Retro Horror Has Returned to Scare a New Generation

PSX era horror is back with an unforgettable vengeance

Retro Horror Has Returned to Scare a New Generation
Aka Manto. Source: DFGames.

For any reader fortunate enough to not know me, I’m one of those pesky “Zoomers” you see causing trouble in the news regularly. You know… the sleep-deprived generation of humans who manage to have an existential crisis every week (me included). Since I belong to this so-called “Generation Z”, I managed to miss the “golden age” of Survival-Horror in the gaming industry, a time when titans such as Resident Evil and Silent Hill introduced themselves to terrify the world with their manual saves and disturbing lack of polygons.

Aka Manto. Source: Chilla’s Art.

By the time I was old enough to have an interest in horror, all of these classic horror franchises had either died out or faced massive graphical improvements in their latest instalments. I stupidly gave my old consoles away and so my ability to experience the PSX era of horror games had been lost. Thankfully at my current age of 21, I’ve had time to invest in having the ability to experience these old games for the first time. I was shocked by how well they held up when I played them.

The original Silent Hill was so scary that I often found myself holding my controller up to block my view from the disgusting horrors trying to kill me. However, I noticed from my time playing these old games that what scared me the most wasn’t the story or gameplay, but the graphics instead. Witnessing these titles attempting to emulate the real world with a lack of pixels and polygons gave off an incredibly strange and uncanny feeling.

Silent Hill. Source: Konami.

Fortunately for me, it turned out that I wasn’t crazy, as many others found themselves stuck with this same feeling. In fact, that feeling was so strong that it caused a huge revolution recently within the indie-horror industry. Developers are now tailoring their games to look like something you would expect to see on the original PlayStation. This niche of a genre doesn’t have a name, but most people refer to it as “PSX-Style”. This genre marked the birth of something new and hauntingly sinister.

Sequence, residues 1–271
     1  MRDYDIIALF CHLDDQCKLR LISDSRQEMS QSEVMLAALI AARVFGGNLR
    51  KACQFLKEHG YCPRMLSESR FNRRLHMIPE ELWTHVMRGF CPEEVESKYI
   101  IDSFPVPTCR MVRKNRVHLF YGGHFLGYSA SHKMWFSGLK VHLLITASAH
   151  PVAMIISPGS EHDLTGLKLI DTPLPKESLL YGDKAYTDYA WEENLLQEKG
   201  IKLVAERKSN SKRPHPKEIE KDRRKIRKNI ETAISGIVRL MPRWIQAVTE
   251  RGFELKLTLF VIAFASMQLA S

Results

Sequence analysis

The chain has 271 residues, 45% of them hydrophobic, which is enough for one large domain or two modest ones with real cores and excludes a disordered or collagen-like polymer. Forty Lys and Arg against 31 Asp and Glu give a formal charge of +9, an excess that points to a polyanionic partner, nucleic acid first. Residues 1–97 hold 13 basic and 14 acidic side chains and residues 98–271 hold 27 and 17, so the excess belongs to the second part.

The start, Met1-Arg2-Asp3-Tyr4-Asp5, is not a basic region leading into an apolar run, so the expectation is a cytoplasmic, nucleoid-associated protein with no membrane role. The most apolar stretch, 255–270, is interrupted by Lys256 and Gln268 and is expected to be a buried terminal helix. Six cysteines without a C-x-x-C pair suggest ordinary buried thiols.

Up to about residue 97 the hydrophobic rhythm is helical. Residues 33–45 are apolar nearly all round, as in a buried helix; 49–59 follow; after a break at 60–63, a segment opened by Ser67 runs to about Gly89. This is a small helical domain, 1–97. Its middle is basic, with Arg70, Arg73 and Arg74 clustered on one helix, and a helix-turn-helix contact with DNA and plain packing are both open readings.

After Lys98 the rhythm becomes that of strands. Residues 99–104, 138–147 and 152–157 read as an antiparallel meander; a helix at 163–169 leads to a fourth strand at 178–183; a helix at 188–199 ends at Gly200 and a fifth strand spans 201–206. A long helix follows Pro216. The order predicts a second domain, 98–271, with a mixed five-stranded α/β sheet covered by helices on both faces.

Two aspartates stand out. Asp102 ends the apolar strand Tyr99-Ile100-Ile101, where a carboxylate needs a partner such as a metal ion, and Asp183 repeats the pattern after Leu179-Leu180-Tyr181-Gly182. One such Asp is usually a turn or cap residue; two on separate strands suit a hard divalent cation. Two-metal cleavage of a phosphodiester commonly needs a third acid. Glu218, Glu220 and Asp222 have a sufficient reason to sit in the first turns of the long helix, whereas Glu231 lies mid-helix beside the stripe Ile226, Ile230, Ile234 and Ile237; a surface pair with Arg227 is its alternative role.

Puppet Combo is a name that has become synonymous with this new PSX era and if you’re familiar with the name, you’ll know exactly where I’m going with this. In 2015, at the time being unaware of this new PSX phase, I heard about a game called Power Drill Massacre that had just been released. Due to my ignorance and stupidity, I purchased the game instantly after seeing a few images that I thought looked “pretty cool”.

Picture me an hour later, almost in tears, crumpled up on the floor after being sent flying by the ear-piercing screech of the power drill-wielding killer catching me. I got up, deleted the game, and swore to myself to never touch it again and to this day I’ve stuck to that promise. I’m seriously not kidding when I say I’ve never played a game so evil and unfair, using its PSX graphical style to create an atmosphere so dark and disgusting that you’ll want to take a shower after playing it.

Nun Massacre. Source: Puppet Combo.

I find myself having nothing but massive respect and admiration towards Benedetto Cocuzza, the man behind Puppet Combo, who is solely responsible for nearly scaring me and many others into a coma. Cocuzza has become an infamous leader of this new wave of PSX-style horror with his vast library of titles. Games such as Nun Massacre and Feed Me Billy sound horrific just by their names alone, being inspired by the old VHS era of 80s slasher horror films. In an interview with Bloody Disgusting in 2020, Cocuzza explained what prompted him to make PSX styled horror: